The .45 ACP—or Automatic Colt Pistol—is a wonderful cartridge, it is simple, effective and easy to shoot. It came to life as a result of unsatisfactory performance of the .38-caliber handgun our Armed Forces were using during the Philippine-American War at the end of the 19th century. Soldiers had noted that the .38 handguns were definitely less effective than the .45 caliber Colt Single Action Army. The Army Ordinance Department agreed, and development of a new sidearm began. Germany’s DWM, and the American firms of Savage and Colt (the Browning design) submitted new designs, with the Colt pistol and cartridge coming out on top. This iconic combination was officially adopted as the M1911, firing “Cal. 45 Automatic Pistol Ball Cartridge, Model of 1911.” The original load centered around a 200-grain bullet at 900 fps, but was revised to the formula we all know, driving a 230-grain round nosed bullet at a muzzle velocity of 850 fps. The .45 ACP was an immediate success, and continues to be so to this day.
The design in and of itself is smart, using a rimless, straight-walled case measuring 0.898”, that headspaces off of the case mouth. There is plenty of capacity in that case; room enough to reach those prescribed velocities. Though it has a profile resembling Danny DeVito, it is perfectly suited to handgun ranges as a defensive weapon.
While the 230-grain load is still a perfectly viable choice for fueling your .45 ACP, it is by no means the only choice. Ammunition companies currently offer bullets as heavy as 255 grains, and as light as 150 grains, with all sorts of stuff in between. The lighter stuff, like Cutting Edge Bullets HG Raptor in their PHD ammunition line, will obtain higher velocities—this 150-grain fragmenting slug leaves the muzzle at 1050 fps—and deliver lethal terminal performance. There are the traditional premium bullet loads, like the Federal HydraShok, HST and Guard Dog, the Winchester Defender and Hornady XTP, as well as Speer Gold Dot, all available between 185 and 230 grains, to provide differing levels of recoil and velocity, yet reliable defensive qualities. A shooter can obtain affordable practice ammunition, in the form of full metal jacket ammunition, or cast-lead bullets, or simply the cheaper steel-cased stuff. I like the American Eagle SynTech coated-lead ammunition, as it is affordable, accurate, and keeps things clean inside the gun.
As a hunting cartridge, the .45 ACP is, well, less than ideal, yet I know those who have used it successfully for deer-sized game at close ranges. In my personal opinion, there are better choices for a hunting handgun cartridge.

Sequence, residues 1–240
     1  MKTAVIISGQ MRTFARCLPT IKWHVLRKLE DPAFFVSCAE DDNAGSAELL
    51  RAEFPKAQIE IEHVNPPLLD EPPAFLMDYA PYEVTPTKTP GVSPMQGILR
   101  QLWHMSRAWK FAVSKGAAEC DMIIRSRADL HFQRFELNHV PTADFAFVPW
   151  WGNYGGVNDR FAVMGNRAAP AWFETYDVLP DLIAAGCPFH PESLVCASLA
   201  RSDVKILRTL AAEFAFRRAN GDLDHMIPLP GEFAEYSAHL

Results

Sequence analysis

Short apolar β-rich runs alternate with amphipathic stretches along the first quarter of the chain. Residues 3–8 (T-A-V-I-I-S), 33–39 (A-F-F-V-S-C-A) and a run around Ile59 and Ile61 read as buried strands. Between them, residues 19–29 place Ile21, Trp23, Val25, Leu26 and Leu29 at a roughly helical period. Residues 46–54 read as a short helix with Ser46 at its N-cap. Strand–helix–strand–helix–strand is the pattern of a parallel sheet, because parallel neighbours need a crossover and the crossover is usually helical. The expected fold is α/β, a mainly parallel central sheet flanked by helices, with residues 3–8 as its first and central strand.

The .45 ACP has long been a military darling—though in recent years it was replaced by the 9mm Parabellum as the Army’s issued sidearm—and the debates continue regarding the 9mm/.40 S&W/.45 ACP conundrum. I’ve long been a heavy bullet fan, especially when it comes to handguns, and I believe that all things being equal, if a shooter can effectively handle the .45 ACP, he or she would be well-served by carrying one.
A couple of good friends of mine—father and son Lek and Mark Nazi of Double Eagle Tactical Training—sat with me to discuss the merits of the good ol’ .45 ACP. As NRA Certified instructors, they firmly believe in the theory of training a handgunner to use whatever sensible caliber they are comfortable with, but for their personal guns, they both recognize the power and effectiveness of the .45 ACP. Lek, perhaps a bit more than Mark, adamantly feels the .45 ACP is the epitome of a defensive caliber, in that it possesses a bore diameter and throw weight that will neutralize a threat better than any lesser caliber. I will report that though I have had the good fortune of shooting a whole bunch of .45 ACP ammunition into ballistic gelatin and through a variety of barriers, I do not have as much experience with this cartridge as Lek Nazi, and I trust him enough to value his opinion.
The .45 ACP has been chambered in too many pistols to list; it isn’t just the 1911 that fared well from being chambered for this. It is the cartridge that fueled the Tommy Gun, as well as other carbines. It is the cartridge that saw Iwo Jima, Normandy, Anzio, the Tet Offensive, Korea and many other bloody places. It was present at the St. Valentine’s Day Massacre, it was used by Bonnie & Clyde, it was the preferred cartridge of John Dillinger. Few other cartridges in the history of firearms development can attest to such a long and sordid history. In spite of the numerous developments in handgun cartridge technology over the last century, it seems that the John Browning design is as valid and as ever, and I’d bet that assessment will be valid in another 100 years.
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